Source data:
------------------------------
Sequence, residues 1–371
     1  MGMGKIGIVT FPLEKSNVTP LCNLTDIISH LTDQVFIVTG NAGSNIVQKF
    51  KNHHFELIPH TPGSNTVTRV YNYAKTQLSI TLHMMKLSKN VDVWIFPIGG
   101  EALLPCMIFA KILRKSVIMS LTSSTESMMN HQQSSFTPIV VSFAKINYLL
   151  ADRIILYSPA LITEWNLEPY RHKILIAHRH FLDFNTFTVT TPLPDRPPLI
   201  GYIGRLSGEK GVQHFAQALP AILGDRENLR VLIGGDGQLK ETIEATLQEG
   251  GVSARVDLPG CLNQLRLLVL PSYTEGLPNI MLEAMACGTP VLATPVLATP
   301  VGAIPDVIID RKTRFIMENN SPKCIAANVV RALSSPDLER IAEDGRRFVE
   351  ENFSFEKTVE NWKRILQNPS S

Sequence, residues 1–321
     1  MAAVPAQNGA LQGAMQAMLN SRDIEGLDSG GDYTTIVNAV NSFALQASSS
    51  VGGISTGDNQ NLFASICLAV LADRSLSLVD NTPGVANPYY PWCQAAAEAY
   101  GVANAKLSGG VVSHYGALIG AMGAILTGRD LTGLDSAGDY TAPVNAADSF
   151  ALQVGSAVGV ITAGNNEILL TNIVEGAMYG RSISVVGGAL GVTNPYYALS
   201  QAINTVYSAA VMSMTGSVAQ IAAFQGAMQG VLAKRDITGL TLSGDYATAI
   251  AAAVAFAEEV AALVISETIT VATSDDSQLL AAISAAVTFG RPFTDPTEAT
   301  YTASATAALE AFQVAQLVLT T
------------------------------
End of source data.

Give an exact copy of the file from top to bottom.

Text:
Sequence, residues 1–371
     1  MGMGKIGIVT FPLEKSNVTP LCNLTDIISH LTDQVFIVTG NAGSNIVQKF
    51  KNHHFELIPH TPGSNTVTRV YNYAKTQLSI TLHMMKLSKN VDVWIFPIGG
   101  EALLPCMIFA KILRKSVIMS LTSSTESMMN HQQSSFTPIV VSFAKINYLL
   151  ADRIILYSPA LITEWNLEPY RHKILIAHRH FLDFNTFTVT TPLPDRPPLI
   201  GYIGRLSGEK GVQHFAQALP AILGDRENLR VLIGGDGQLK ETIEATLQEG
   251  GVSARVDLPG CLNQLRLLVL PSYTEGLPNI MLEAMACGTP VLATPVLATP
   301  VGAIPDVIID RKTRFIMENN SPKCIAANVV RALSSPDLER IAEDGRRFVE
   351  ENFSFEKTVE NWKRILQNPS S

Sequence, residues 1–321
     1  MAAVPAQNGA LQGAMQAMLN SRDIEGLDSG GDYTTIVNAV NSFALQASSS
    51  VGGISTGDNQ NLFASICLAV LADRSLSLVD NTPGVANPYY PWCQAAAEAY
   101  GVANAKLSGG VVSHYGALIG AMGAILTGRD LTGLDSAGDY TAPVNAADSF
   151  ALQVGSAVGV ITAGNNEILL TNIVEGAMYG RSISVVGGAL GVTNPYYALS
   201  QAINTVYSAA VMSMTGSVAQ IAAFQGAMQG VLAKRDITGL TLSGDYATAI
   251  AAAVAFAEEV AALVISETIT VATSDDSQLL AAISAAVTFG RPFTDPTEAT
   301  YTASATAALE AFQVAQLVLT T